Also discussed was the VIA Survey, an assessment tool that defines character strengths. Recognizing and utilizing your character strengths are correlated with “an understanding of the various dimensions of character, the dynamics between character strengths, and the valued outcomes that result from living authentically in concordance with one’s character strengths. With greater ability to articulate and develop character, we will be poised to better direct our talents and abilities into meaningful and engaging behavior to better our own lives and the lives of others.”

Paul Nelson, MEd, and Director of HeartCoaches, described the 4 brain-based strategies that he has developed “that research has shown to be critical for increasing self-efficacy, encouraging determination, strengthening resiliency and creating an optimistic attitude–all essential ingredients for making lifestyle changes that lead to a longer, healthier, happier life.”

I was thrilled and deeply touched that during the teleconference, my HeartMatters program was validated by science-based principles and studies. Behavior change that leads to optimal life-management is entirely possible by incorporating a mindfulness and relaxation practice and positive affirmation, creating a Health Vision, and engaging in small-step daily goals that are subtle, pleasant, and realistic. And in the process, you will cultivate an emotional connection to your deeper self, understanding your strengths and opportunities, and believing that it is possible–a secondary benefit to enjoying radiant health and well-being.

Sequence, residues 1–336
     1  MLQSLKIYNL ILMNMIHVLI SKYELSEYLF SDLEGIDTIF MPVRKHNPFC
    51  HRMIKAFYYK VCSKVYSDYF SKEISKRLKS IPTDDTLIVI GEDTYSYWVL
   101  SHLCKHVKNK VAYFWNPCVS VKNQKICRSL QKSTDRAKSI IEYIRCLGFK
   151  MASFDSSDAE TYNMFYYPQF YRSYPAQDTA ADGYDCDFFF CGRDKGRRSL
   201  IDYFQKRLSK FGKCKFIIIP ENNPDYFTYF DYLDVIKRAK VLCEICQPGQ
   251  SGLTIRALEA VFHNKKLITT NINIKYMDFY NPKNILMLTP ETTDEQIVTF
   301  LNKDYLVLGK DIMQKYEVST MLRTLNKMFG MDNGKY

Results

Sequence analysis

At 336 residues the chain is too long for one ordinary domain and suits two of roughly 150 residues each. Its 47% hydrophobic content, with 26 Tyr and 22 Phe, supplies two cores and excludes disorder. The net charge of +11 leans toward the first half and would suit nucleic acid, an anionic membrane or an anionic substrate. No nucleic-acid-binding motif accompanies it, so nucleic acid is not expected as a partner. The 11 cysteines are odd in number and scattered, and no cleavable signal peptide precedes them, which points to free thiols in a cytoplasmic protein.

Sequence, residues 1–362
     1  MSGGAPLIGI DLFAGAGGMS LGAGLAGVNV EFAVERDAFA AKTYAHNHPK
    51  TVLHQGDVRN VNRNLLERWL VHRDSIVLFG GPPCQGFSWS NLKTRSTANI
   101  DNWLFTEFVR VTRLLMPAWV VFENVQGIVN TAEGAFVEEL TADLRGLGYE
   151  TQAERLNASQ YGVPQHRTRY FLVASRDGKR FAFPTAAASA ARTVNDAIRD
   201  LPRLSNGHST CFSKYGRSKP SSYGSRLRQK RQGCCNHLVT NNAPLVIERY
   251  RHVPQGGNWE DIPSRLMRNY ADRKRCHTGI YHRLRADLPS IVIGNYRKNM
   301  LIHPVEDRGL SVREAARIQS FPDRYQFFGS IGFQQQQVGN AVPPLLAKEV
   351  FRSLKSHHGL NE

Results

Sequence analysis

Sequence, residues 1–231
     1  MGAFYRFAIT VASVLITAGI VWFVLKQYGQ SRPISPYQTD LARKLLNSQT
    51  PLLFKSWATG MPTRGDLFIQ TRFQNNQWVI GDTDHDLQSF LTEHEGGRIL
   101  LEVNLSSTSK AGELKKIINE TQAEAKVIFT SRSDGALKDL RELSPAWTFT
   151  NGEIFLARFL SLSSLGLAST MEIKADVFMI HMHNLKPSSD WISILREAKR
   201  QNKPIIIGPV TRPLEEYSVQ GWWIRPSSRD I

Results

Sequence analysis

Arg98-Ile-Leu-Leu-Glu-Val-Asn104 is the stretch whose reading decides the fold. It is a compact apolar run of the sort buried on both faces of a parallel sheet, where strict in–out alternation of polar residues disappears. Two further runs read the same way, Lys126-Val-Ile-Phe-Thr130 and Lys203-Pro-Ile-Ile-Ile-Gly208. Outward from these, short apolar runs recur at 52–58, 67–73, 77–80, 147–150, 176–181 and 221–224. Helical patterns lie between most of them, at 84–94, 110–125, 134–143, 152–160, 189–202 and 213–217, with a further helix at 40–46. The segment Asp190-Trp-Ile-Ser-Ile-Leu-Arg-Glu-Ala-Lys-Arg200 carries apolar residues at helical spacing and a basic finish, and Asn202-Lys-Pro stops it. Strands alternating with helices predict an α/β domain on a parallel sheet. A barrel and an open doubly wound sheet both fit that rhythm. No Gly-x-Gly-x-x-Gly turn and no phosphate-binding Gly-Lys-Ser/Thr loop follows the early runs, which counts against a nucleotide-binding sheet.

Doesn’t that sound like what you want?

"When my husband of 34 years died I lost my interest in cooking.  Instead I began relying on quick frozen organic entrees and dinners. After three years I decide to improve the quality of my diet, so I contacted Robin Mallery. Robin helped me create a more nourishing and healthful diet that took my busy teaching and consulting schedule into consideration.

It was a joy to work with Robin. She is knowledgeable, supportive, intuitive, and warm.  I highly recommend her as a Heart Healthy Coach.

Through lifestyle counseling, the sharing of her delicious and healthy family recipes, and an informative and fun "field trip" to a local whole food market, I have shifted to an eating plan that is healthy, delicious, and swiftly prepared. The key to swift and healthy meal preparation for me has been Robin's 90-minute Sunday afternoon food prep model, a strategy that assures quick and delicious high quality meals throughout the week. I consider my leisurely Sunday afternoon food preparation time as self-indulgent "me" time, and enjoy chopping, baking, and sauteing against the backdrop of classical music and a glass of wine.  I also love the fact that a nutritious and delicious dinner is ready when I walk through the door every night of my work week.  It's as if I finally have that personal chef I have always coveted, only it's me!"  ---Patricia J., Nevada City